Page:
A PIWO came in, overhead, either silently or very soft wingbeats when it landed. It drummed a couple of times and went to roost about 20 minutes before sunset but continued tapping from inside the cavity for about five minutes. (The bird on the 27th had come in no more than 2 minutes before sunset.) I hope to have gotten some decent photos. All PIWO sounds in the area stopped ~8 minutes prior to sunset.
It strikes me this morning that this behavior was somewhat different than the other bird’s; last night’s PIWO must have seen me, but my presence didn’t prevent it from coming very close and going directly to the roost. The other bird appeared to have been spooked by my presence.
Here’s what I know: I am confident I heard the wing sounds, as described, and am personally convinced that what I saw was a large woodpecker. I’m also confident I saw a PIWO going to roost near where the other event took place, on the following night, approximately 20 minutes earlier relative to sunset. I have the pictures to prove that. The rest is inference.
It’s easy (for me at least) to get overly enthusiastic about possible encounters; its also easy for me to turn around and look for ways to discount or discredit them in my own mind. To some degree, this is a good thing and probably comes with the territory, unless you’re delusional or prone to self-inflation. Still, there are points at which enthusiasm and skepticism become unhealthy. This applies to personal enthusiasm, self-skepticism, and to the way others respond to ivorybill claims. The Internet environment feeds unhealthy responses.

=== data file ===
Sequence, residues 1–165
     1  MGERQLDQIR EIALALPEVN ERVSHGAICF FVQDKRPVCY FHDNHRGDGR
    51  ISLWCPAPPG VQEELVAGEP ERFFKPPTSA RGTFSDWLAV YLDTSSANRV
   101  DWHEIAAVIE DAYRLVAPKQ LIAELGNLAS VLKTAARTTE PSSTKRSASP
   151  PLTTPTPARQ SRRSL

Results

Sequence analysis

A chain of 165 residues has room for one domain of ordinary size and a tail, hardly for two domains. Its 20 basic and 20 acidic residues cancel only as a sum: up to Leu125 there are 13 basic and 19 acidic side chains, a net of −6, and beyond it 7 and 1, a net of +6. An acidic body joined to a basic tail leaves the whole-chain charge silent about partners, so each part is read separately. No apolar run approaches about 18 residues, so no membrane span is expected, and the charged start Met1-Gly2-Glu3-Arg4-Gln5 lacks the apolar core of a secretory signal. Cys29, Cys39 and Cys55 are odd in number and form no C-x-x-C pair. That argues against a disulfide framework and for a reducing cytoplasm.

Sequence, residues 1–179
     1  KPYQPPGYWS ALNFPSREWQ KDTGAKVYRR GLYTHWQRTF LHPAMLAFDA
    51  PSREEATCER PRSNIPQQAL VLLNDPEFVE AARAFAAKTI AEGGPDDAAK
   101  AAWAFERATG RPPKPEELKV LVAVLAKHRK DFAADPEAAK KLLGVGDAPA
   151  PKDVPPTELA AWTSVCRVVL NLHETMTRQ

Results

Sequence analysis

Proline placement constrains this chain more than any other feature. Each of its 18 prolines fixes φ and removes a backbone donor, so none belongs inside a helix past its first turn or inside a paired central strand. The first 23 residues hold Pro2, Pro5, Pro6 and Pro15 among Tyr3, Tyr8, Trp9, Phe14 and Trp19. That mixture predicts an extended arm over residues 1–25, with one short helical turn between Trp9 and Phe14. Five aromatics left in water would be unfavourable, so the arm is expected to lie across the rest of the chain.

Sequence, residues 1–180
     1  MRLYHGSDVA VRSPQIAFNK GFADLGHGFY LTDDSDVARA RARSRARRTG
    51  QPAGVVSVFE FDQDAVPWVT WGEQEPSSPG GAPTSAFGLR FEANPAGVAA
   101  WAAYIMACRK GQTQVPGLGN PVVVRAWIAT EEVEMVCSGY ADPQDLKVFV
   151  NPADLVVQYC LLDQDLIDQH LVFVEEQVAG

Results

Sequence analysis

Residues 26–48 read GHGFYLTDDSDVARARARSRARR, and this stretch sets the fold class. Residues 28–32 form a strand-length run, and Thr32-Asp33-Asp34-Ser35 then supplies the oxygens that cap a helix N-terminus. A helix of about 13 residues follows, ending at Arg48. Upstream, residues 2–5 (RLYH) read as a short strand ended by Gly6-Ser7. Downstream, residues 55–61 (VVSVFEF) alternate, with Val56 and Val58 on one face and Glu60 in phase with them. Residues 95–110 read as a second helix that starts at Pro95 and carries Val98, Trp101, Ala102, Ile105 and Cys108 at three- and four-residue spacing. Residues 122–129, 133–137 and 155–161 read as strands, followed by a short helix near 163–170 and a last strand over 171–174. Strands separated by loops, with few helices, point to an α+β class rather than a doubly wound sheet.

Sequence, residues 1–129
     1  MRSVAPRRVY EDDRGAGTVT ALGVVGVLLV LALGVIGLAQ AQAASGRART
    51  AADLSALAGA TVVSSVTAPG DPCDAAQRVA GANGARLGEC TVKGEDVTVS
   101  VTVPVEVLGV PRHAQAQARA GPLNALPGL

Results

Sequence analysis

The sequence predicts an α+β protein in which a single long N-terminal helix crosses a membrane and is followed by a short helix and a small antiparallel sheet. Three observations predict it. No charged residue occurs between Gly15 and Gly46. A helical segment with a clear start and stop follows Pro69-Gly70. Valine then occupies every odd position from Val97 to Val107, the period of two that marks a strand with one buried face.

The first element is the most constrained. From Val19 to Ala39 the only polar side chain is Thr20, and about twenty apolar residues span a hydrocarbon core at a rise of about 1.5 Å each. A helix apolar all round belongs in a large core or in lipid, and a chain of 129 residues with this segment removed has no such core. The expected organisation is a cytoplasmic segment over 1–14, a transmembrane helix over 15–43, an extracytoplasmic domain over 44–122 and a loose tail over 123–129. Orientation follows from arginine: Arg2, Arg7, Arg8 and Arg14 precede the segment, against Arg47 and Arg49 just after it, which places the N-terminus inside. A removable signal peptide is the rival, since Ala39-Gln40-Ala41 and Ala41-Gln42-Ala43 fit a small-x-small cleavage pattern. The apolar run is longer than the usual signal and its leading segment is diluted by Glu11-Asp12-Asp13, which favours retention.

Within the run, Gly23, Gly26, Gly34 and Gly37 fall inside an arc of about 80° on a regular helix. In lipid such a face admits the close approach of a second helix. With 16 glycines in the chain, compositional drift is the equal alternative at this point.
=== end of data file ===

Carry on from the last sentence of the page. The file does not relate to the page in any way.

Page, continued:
Regardless of anything else, this was a productive trip. We have six cameras deployed (thanks to Erik, Geoffrey, and Jay for contributing a new cam each) – five on hickories, either recently dead or in decline, and one a big sweet gum stub, three years dead, with some very recent bark scaling and signs of beetle infestation, in an earlier stage of decay than the Singer Tract tree where Pearson observed ivorybills feeding in the early 1930s. While this work could well be something other than ivorybill, and the bark is loose, it seems worth watching for a while.
I have been monitoring this stub since the top came down; in fact, we deployed a camera there in the spring of 2015, only to lose it to flooding. (The new deployment is higher on a nearby tree.) This suggests that our main strategy for camera trap placement – finding potential feeding trees and stubs in advance of any large woodpecker activity requires a multi-year commitment.
Even in this impatient world, patience is a virtue.
Update, April 30, 2018: Based on an observation last night of a Pileated Woodpecker going to roost in the sycamore cavity shown below and an exploration of the clearcut area this afternoon, I strongly suspect the bird I saw on the 27th was also a Pileated Woodpecker. I still have trouble squaring what I heard and saw with Pileated, but the circumstances suggest that’s what it was. I’m opting to leave the content up, with this correction, in the interest of transparency. I will undoubtedly have more to say on this in the near future. Accepting that the bird in question was a Pileated Woodpecker in no way affects my view that the sounds Matt recorded in March and the ones Matt and Phil recorded in March 2017 were made by Ivory-billed Woodpeckers.